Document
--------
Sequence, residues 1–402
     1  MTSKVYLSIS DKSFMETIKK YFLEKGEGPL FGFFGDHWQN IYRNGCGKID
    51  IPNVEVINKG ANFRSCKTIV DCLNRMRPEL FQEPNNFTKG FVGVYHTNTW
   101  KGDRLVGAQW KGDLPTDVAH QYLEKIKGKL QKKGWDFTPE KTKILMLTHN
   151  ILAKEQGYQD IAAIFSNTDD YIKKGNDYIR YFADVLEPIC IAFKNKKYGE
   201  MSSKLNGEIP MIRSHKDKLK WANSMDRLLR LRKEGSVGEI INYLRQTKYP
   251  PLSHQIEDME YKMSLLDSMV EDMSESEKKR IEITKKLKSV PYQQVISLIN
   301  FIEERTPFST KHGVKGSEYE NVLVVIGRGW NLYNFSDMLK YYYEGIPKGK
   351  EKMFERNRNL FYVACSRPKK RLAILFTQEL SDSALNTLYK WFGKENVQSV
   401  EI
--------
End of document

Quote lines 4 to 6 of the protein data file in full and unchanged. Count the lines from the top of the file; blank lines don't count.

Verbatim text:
   101  KGDRLVGAQW KGDLPTDVAH QYLEKIKGKL QKKGWDFTPE KTKILMLTHN
   151  ILAKEQGYQD IAAIFSNTDD YIKKGNDYIR YFADVLEPIC IAFKNKKYGE
   201  MSSKLNGEIP MIRSHKDKLK WANSMDRLLR LRKEGSVGEI INYLRQTKYP